Aids: world 'must not back down now'
23 July 2012
Despite the progress made in combating HIV/Aids over the past two decades, the world could not now afford to become complacent; decisive action, underpinned by global solidarity, was needed to turn the tide on the epidemic, South African Deputy President Kgalema Motlanthe told the 19th International Aids Conference (Aids 2012) in Washington, DC on Sunday.
The largest and most important global gathering on HIV/Aids, the week-long conference opened on Sunday, attended by some 25 000 delegates from around the world, including HIV professionals, activists, global and community leaders and people living with HIV.
Aids 2012 LIVE
South Africa's participation at Aids 2012 will be webcast live on www.brandsouthafrica.com on Monday evening - schedule to be confirmed - watch this space!
Addressing the opening plenary, Motlanthe said the HIV pandemic "remains one of humanity's greatest challenges, requiring a common front and commitment from all of us."
The successes of the past two decades "must neither distract us nor make us complacent," Motlanthe said. "More importantly, this is not the time to reduce our contribution to the fight against HIV and Aids."
From 'emergency' to 'consolidation' response
The world was moving from an "emergency" to a "consolidation" phase in its response to the pandemic, the Deputy President said, and this phase "requires a new approach, a new paradigm underpinned by, among others, the principles of global solidarity, mutual accountability and transparency".
To give effect to these principles, Motlanthe called for:
- Better co-ordination of the global health architecture;
- Predictable, sustainable financing for the HIV response;
- Good governance and oversight with regard to appropriate use of resources;
- Decisive action in dealing with the social determinants of health; and
- Legal frameworks which are responsive to the human rights ethos.
Motlanthe told the gathering that the African Union (AU), recognising that sub-Saharan Africa remained the epicentre of the pandemic, had committed itself to strengthening the continent's response through the adoption of an AU roadmap.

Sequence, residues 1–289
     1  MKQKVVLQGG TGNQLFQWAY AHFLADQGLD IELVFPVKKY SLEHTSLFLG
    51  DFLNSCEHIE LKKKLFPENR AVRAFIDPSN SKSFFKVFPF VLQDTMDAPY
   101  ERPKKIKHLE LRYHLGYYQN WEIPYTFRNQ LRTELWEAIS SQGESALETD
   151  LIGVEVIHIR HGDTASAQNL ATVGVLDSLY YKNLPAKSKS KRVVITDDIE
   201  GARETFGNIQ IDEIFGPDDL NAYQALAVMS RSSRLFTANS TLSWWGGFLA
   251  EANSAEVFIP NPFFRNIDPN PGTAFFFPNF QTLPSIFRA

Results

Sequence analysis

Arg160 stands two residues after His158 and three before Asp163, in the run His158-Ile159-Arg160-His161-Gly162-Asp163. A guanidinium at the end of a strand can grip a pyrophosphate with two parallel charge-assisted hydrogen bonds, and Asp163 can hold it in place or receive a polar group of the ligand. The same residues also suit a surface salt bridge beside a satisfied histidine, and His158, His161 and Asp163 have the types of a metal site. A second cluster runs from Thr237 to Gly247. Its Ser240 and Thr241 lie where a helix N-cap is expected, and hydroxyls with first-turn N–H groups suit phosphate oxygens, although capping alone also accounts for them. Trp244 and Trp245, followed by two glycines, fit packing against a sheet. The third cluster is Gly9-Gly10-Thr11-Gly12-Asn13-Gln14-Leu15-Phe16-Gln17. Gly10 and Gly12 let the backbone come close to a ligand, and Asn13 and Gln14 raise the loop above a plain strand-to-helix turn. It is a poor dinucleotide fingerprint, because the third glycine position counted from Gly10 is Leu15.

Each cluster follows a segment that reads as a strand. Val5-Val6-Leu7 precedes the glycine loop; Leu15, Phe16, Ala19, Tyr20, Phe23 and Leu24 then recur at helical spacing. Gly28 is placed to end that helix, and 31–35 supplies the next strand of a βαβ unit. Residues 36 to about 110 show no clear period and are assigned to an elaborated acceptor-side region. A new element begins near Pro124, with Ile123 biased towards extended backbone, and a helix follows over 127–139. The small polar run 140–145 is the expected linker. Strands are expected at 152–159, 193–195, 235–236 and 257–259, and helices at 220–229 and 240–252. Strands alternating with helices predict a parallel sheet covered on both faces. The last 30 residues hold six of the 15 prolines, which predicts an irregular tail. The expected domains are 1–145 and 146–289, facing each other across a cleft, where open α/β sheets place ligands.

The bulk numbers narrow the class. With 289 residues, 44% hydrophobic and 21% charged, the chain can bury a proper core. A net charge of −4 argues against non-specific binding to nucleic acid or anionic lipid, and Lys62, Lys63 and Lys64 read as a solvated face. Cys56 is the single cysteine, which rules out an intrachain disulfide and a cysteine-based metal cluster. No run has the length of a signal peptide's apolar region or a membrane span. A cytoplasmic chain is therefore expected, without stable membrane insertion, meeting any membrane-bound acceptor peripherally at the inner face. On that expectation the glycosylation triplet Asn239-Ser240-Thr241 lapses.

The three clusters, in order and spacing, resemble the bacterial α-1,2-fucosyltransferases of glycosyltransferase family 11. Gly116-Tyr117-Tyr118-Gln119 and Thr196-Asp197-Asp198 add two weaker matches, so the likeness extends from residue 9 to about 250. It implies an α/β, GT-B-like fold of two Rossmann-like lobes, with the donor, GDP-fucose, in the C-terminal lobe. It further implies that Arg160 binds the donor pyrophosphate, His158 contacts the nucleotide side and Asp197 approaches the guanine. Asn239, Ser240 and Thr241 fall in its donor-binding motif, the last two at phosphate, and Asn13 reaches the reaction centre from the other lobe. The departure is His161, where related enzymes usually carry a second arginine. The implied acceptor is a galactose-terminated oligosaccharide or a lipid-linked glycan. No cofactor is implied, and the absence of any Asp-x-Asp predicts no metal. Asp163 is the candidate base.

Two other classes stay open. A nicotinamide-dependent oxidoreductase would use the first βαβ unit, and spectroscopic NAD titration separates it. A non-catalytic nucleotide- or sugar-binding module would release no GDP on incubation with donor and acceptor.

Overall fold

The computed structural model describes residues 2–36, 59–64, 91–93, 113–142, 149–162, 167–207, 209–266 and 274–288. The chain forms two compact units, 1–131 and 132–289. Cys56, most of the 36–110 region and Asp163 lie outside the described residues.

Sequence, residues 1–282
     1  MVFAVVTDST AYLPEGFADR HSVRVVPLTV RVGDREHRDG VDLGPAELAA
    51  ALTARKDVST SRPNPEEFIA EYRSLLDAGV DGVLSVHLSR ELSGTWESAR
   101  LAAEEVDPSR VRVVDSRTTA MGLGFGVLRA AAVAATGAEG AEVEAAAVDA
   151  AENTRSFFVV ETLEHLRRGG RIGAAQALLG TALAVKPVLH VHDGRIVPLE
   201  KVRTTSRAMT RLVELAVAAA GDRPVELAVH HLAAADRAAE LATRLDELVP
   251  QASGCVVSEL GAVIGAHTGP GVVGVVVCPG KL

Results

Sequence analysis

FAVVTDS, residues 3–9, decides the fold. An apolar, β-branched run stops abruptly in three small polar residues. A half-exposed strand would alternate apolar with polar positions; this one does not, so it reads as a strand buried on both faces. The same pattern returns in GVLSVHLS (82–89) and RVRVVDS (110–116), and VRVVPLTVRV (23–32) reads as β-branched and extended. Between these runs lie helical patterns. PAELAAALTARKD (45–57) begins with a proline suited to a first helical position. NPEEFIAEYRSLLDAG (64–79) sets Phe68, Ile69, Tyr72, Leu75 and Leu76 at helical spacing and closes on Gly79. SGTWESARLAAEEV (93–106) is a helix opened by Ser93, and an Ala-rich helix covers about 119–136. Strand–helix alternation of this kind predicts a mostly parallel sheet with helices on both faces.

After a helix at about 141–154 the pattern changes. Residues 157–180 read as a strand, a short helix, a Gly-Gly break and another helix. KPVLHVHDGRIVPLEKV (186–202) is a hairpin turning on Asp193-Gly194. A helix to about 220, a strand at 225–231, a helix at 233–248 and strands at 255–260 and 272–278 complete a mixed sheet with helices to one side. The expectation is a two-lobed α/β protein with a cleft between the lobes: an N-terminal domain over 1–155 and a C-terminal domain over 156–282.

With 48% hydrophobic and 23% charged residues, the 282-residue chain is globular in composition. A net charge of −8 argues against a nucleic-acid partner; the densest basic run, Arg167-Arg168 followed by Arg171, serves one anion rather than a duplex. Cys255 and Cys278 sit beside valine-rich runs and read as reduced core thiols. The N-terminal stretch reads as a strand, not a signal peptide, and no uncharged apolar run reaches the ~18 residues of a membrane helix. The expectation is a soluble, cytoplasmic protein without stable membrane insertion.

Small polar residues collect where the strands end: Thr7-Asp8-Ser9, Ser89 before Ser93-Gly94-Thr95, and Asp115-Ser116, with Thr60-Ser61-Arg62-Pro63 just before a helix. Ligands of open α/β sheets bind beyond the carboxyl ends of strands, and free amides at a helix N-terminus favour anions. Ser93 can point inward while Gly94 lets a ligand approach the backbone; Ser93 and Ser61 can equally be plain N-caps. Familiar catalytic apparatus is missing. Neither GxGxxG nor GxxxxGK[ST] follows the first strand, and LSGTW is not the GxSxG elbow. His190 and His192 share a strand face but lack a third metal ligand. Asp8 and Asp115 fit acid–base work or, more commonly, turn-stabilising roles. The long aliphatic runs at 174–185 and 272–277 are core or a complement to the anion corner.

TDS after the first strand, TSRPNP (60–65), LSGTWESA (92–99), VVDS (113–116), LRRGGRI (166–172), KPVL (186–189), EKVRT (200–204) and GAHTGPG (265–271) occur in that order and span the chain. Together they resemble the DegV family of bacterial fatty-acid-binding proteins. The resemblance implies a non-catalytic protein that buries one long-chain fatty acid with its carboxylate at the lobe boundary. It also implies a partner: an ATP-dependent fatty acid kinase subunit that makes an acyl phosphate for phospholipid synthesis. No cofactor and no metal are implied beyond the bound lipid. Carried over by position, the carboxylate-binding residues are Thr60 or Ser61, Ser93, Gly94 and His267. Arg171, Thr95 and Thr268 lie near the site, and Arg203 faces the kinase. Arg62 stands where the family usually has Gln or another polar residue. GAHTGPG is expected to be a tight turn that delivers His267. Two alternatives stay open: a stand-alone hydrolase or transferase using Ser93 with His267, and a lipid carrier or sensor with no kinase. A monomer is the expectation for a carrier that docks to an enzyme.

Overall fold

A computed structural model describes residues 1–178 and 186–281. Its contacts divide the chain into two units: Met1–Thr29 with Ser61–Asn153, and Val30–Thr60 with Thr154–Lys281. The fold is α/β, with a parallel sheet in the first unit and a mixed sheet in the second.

African Union roadmap
The roadmap, adopted by African leaders at the AU summit in Ethiopia last week, would "explore a set of practical African-sourced solutions for enhancing shared responsibility and global solidarity for Aids, TB and malaria responses in Africa on a sustainable basis by 2015," Motlanthe said.
It would focus on three strategic pillars, namely, diversified financing, access to medicines, and enhanced health governance.
South Africa, for its part, was no less committed to scaling up its response, Motlanthe said, noting that, "since South Africa is the country with the largest number of people living with HIV in the world and the largest country in the most affected region, the global fight against HIV and Aids cannot be won without success in South Africa".
South African successes
The country has one of the world's most comprehensive HIV prevention and treatment programmes, and one that it is showing significant progress, Motlanthe told the delegates, noting that:
- 1.7-million South Africans living with HIV are now receiving free antiretroviral (ARV) treatment;
- 20-million South Africans have voluntarily tested for HIV since the government launched its testing and counseling campaign in April 2010; and
- The rate of mother-to-child transmission of HIV in South Africa has dropped from 8% in 2008 to 3.5 percent in 2010 and to 2.7 percent in 2011.
World 'within inches of the summit'
However, the war "is not yet over", Motlanthe said, calling on civil society "to continue to keep governments accountable to the commitments they have made," and urging "development partners, including foundations, philanthropists and investors, to maintain their investments in our efforts to turn the tide.
"We look forward to concerted efforts by all partners to work with the AU and its members to implement its roadmap to ensure a sustainable response to HIV, TB and malaria.
"Our collective efforts, resilience and determination have brought us to within inches of the summit of the mountain. We dare not slide back!"